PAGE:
How Do Porch Pirates Choose Homes?
What I’m going to tell you now may not be the news you were waiting to hear, but better that you hear it before the holidays are upon us: Porch pirates don’t have any special criteria for targeting homes. If it’s got a package on the stoop, porch, or steps — and they don’t have to run a mile — your house is fair game.
Granted, if you’ve got an 80-pound Rottweiler chained to a tree in the front yard, most would-be pirates will give your house a hard pass. (The same goes for an ADT home security sign or Grandpa Mike with his shotgun on the porch swing.)
But the majority of our homes without any visible defenses are porch pirate magnets simply because we received a delivery that day and weren’t at home to carry it inside. For some thieves, like the hoodlum who hit Lucy Langlois’ porch, even the possibility of being recorded by video doorbell isn’t a deterrent. (This is pretty dumb because the best video doorbells do help police track down pirates.)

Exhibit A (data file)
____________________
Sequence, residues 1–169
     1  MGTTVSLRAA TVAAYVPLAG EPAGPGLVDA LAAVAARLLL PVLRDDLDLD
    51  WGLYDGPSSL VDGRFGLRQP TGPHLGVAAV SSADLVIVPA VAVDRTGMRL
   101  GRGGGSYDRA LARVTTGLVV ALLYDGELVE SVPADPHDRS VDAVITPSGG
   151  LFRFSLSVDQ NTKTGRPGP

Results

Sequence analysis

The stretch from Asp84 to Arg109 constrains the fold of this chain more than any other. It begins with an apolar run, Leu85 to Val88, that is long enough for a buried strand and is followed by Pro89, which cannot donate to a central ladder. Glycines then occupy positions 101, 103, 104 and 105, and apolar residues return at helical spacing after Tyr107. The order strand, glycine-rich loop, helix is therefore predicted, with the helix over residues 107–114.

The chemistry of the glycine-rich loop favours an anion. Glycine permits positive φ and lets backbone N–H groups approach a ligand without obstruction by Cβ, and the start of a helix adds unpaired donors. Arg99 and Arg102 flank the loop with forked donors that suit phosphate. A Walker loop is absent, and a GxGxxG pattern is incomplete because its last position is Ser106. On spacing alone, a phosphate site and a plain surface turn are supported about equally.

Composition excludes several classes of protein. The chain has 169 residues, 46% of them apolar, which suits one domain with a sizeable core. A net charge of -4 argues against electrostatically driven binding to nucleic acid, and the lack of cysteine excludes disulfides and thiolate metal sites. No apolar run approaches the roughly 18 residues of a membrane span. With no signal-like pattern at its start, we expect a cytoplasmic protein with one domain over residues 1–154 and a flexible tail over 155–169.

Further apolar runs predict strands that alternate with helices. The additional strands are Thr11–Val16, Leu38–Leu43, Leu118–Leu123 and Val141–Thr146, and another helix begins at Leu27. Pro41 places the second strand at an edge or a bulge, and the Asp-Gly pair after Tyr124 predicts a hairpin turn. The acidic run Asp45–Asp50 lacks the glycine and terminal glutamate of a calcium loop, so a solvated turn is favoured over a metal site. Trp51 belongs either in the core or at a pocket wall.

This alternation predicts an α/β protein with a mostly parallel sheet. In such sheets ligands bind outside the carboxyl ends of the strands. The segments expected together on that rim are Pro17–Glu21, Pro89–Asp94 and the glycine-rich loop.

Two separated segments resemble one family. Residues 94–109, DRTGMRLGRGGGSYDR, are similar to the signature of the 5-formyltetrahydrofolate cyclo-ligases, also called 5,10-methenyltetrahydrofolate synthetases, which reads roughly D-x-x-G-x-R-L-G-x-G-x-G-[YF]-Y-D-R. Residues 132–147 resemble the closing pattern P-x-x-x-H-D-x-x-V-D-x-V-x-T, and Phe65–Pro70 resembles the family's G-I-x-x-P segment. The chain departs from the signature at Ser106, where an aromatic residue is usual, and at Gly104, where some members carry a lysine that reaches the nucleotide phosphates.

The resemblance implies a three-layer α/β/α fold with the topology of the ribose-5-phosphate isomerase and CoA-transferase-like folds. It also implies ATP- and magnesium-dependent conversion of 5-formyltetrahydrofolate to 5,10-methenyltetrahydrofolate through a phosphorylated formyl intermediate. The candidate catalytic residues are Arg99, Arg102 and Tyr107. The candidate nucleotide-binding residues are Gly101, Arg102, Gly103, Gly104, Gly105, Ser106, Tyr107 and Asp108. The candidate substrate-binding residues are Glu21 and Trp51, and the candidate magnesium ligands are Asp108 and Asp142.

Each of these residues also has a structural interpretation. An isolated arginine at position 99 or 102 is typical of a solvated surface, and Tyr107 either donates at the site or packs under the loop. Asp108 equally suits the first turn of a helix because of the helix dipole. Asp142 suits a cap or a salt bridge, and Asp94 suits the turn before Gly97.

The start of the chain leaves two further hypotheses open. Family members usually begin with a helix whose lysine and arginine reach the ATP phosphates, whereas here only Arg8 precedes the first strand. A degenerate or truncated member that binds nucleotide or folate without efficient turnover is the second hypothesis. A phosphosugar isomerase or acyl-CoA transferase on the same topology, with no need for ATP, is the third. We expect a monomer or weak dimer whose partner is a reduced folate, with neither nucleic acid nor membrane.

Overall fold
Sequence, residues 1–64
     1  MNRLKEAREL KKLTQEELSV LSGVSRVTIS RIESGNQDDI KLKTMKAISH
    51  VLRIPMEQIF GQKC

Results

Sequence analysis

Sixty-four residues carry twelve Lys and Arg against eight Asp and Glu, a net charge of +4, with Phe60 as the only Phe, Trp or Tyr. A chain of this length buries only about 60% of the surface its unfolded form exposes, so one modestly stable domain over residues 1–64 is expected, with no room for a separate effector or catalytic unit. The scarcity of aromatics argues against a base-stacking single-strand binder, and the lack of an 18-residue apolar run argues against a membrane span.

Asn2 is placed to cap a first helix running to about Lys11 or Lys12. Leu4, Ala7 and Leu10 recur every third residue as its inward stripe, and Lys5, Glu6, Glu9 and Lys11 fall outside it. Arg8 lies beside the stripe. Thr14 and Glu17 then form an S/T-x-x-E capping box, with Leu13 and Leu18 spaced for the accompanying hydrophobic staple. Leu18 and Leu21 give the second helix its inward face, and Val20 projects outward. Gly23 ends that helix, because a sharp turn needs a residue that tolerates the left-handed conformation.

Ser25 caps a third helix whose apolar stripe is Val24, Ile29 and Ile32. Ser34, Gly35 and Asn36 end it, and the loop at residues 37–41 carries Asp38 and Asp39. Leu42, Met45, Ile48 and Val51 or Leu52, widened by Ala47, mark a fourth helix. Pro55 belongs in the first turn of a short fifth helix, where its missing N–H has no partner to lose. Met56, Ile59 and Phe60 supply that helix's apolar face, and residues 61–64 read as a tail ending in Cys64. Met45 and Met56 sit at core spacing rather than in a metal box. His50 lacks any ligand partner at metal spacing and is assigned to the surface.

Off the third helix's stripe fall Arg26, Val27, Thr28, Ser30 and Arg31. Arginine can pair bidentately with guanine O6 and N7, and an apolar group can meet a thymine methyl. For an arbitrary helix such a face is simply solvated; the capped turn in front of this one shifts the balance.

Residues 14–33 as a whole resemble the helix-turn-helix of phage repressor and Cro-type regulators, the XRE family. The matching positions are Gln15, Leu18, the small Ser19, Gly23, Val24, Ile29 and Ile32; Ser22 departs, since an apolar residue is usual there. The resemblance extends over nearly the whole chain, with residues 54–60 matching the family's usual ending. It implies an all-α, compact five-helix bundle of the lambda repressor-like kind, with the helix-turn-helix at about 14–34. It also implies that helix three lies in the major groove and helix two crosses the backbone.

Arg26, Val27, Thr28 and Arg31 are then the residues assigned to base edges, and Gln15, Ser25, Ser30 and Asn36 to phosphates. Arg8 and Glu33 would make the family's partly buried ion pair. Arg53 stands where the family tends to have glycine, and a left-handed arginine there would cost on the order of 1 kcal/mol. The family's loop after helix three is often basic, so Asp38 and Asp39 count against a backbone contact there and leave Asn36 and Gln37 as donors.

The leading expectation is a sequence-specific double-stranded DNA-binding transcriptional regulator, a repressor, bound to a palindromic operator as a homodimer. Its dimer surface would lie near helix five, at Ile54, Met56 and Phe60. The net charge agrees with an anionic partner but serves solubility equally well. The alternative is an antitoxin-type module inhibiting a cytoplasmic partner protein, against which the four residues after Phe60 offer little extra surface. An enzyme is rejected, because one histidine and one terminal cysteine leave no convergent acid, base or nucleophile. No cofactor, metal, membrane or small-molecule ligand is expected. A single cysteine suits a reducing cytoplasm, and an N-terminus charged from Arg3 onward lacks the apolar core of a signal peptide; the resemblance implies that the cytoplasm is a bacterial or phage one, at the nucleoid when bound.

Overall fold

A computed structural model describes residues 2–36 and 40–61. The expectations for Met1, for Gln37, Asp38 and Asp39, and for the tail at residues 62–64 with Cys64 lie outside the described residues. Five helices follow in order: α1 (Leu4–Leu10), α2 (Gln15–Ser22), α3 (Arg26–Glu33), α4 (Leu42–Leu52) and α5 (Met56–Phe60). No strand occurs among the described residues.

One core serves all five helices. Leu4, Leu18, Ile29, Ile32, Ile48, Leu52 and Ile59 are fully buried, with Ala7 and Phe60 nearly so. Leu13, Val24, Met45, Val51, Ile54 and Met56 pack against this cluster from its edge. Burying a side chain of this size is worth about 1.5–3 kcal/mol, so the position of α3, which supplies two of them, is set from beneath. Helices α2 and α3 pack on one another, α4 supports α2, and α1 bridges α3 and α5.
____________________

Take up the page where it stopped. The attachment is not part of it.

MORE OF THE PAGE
So your house isn’t the problem when it comes to porch pirates. If you’re one of the nearly 20 percent of Americans who will fall victim to package thieves this holiday season, it’s what you’re doing with your packages that puts you at risk.
FYI: Package theft has gotten so bad that local police departments are running sting operations to catch thieves. Typically, they put a decoy package rigged with a GPS tracking device, aka a “bait box,” on a random porch, and wait for a thief to strike. If the name “bait box” sounds familiar, that’s because you may have seen them for sale at Home Depot — in the pest control aisle.
How to Keep Package Thieves Off Your Porch: A Holiday Guide
A delivery is a delivery, right? A van shows up outside your house. The Amazon or UPS driver tosses a box at the door. Five hours later, when you get home from work, you hope it’s still there.